This Spring it issued almost daily threats of attacks on South Korea and the United States, including nuclear war.
 
And although Pyongyang says it wants to negotiate an end to its nuclear programs, at the same time it has been seeking recognition as a nuclear state.  
 
South Korea's Defense Ministry spokesman, Kim Min-seok said the government does not recognize North Korea as a nuclear state because the international community does not.

Kim said this is the most important position of the Seoul government.  He added that it supports the belief that North Korea’s nuclear threats are being realized because the possibility is high that North Korea can weaponize nuclear power and actually use it.  However, from a technological perspective, he says, there is no evidence to prove North Korea used nuclear weapons or is able to mount nuclear warheads on ballistic missiles.
 
The North's nuclear pursuits have led to tighter U.N. sanctions that are supported by its traditional ally, China.
 
China's Commerce Ministry on Monday published a long list of technology and materials banned for export to North Korea because of potential dual-use as weapons or for nuclear development.
 
Meanwhile, also on Tuesday South Korea turned down a $7.7 billion bid by aircraft maker Boeing for F-15 fighter jets.  
 
Defense Ministry spokesman Kim cited the nuclear threat from North Korea, saying the jets were not advanced enough.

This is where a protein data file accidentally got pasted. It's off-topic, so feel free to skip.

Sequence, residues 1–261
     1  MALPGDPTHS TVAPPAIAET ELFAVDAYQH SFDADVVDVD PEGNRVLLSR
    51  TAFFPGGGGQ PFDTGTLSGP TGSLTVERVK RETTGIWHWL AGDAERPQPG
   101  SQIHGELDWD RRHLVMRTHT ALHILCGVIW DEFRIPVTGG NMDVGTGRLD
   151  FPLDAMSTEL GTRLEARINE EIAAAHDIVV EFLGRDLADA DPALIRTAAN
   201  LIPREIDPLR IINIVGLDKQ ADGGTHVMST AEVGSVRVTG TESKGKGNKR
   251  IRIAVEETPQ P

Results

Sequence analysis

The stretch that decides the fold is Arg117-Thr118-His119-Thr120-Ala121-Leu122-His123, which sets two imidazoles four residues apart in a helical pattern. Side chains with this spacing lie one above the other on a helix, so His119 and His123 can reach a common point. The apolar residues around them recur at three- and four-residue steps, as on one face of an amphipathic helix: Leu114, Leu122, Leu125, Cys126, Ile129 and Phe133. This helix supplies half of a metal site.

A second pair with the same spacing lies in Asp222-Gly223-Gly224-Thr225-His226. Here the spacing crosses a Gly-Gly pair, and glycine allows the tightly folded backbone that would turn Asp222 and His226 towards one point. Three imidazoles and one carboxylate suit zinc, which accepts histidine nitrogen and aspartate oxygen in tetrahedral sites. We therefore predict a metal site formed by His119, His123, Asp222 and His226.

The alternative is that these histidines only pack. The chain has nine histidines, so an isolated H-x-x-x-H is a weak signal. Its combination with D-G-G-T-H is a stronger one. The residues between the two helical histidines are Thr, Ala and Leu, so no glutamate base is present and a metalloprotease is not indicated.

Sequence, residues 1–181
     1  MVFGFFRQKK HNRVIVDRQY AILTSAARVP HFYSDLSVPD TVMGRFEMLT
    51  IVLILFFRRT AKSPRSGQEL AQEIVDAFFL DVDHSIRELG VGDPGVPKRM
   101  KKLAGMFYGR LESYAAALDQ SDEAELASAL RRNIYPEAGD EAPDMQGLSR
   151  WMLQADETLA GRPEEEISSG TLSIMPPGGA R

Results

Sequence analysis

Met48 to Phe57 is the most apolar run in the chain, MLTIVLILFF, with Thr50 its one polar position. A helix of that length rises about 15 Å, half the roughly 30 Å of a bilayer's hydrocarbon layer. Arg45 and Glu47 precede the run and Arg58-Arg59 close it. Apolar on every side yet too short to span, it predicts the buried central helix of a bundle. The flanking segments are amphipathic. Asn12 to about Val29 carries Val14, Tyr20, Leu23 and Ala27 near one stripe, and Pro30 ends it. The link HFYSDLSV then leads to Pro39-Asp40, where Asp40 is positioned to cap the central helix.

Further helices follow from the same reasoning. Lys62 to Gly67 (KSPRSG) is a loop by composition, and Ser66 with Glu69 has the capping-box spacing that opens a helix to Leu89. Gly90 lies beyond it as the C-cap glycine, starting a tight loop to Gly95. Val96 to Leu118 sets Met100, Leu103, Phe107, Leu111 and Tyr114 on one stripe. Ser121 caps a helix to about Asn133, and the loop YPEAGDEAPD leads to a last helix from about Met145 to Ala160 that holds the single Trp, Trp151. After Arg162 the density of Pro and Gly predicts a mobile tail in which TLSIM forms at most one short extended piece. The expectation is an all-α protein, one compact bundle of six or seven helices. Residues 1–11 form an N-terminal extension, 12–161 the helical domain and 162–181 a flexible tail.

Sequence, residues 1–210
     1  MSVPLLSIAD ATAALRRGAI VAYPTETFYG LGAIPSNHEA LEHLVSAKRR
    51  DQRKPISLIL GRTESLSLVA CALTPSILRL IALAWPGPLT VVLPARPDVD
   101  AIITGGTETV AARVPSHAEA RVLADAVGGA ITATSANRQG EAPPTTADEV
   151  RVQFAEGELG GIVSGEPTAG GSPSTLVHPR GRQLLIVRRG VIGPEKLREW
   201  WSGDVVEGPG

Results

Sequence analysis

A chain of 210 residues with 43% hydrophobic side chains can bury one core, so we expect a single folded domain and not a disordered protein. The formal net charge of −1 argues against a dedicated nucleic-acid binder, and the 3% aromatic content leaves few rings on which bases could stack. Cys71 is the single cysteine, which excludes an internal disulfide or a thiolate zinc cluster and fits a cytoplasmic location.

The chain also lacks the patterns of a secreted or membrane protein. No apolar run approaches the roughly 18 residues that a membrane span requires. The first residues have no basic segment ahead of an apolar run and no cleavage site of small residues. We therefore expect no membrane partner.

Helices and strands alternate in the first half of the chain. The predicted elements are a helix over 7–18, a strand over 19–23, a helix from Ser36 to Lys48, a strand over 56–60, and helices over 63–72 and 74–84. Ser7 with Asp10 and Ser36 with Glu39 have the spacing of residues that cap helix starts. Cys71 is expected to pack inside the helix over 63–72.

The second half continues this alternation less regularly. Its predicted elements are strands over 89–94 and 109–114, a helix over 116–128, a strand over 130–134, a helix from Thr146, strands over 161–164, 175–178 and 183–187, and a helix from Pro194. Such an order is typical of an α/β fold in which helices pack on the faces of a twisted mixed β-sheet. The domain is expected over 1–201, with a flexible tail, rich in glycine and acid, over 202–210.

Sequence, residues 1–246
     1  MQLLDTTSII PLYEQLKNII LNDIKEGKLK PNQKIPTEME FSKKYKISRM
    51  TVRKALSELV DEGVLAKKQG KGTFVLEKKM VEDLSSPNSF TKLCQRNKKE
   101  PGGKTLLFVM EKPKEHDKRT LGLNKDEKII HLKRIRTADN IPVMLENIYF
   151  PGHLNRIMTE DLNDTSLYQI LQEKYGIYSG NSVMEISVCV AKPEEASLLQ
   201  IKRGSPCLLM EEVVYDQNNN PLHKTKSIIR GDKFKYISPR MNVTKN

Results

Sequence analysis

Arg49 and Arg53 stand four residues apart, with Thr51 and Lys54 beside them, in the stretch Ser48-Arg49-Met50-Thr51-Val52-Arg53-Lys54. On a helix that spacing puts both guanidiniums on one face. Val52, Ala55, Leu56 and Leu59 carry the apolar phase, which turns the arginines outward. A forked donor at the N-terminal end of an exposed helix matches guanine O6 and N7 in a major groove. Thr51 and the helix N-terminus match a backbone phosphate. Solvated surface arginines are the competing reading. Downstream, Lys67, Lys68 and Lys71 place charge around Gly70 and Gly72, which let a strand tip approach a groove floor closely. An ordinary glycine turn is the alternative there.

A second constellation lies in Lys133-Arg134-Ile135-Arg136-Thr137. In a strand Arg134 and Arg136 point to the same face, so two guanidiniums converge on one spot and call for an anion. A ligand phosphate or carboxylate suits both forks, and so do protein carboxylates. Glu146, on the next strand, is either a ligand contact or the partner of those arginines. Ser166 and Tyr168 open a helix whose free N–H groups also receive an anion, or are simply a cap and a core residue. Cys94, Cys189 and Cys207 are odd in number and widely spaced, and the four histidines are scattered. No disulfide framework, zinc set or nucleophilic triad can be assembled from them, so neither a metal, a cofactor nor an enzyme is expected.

Youmi Kim in VOA's Seoul bureau contributed to this report

You May Like

Turbulent Transition Imperils Tunisia’s Arab Spring Gains

Critics say new anti-terrorism laws worsen Tunisia's situation while others put faith in country’s vibrant civil organizations, women’s movement More

Burundi’s Political Crisis May Become Humanitarian One

United Nations aid agencies issue warning as deadly violence sends tens of thousands fleeing More

Yemenis Adjust to Life Under Houthi Rule

Locals want warring parties to strike deal to stop bloodletting before deciding how country is governed More

Featured Videos

Your JavaScript is turned off or you have an old version of Adobe's Flash Player. Get the latest Flash player.
Texas Town Residents Told to 'Just Leave' Ahead of Flood Threati
X
Greg Flakus
May 29, 2015 11:24 PM
Water from heavy rain in eastern and central Texas is now swelling rivers that flow into the Gulf of Mexico, threatening towns along their banks. VOA’s Greg Flakus visited the town of Wharton, southwest of Houston, where the Colorado River is close to cresting.
Video

Video Texas Town Residents Told to 'Just Leave' Ahead of Flood Threat

Water from heavy rain in eastern and central Texas is now swelling rivers that flow into the Gulf of Mexico, threatening towns along their banks. VOA’s Greg Flakus visited the town of Wharton, southwest of Houston, where the Colorado River is close to cresting.
Video

Video New York's One World Trade Center Observatory Opens to Public

From New Jersey to Long Island, from Northern suburbs to the Atlantic Ocean, with all of New York City in-between.  That view became available to the public Friday as the One World Trade Center Observatory opened in New York -- atop the replacement for the buildings destroyed in the September 11, 2001, attacks.  VOA’s Bernard Shusman reports.
Video

Video Seoul Sponsors Korean Unification Fair

With inter-Korean relations deteriorating over the North’s nuclear program, past military provocations and human rights abuses, many Koreans still hold out hope for eventual peaceful re-unification. VOA’s Brian Padden visited a “unification fair” held this week in Seoul, where border communities promoted the benefits of increased cooperation.
Video

Video Purple Door Coffeeshop: Changing Lives One Cup at a Time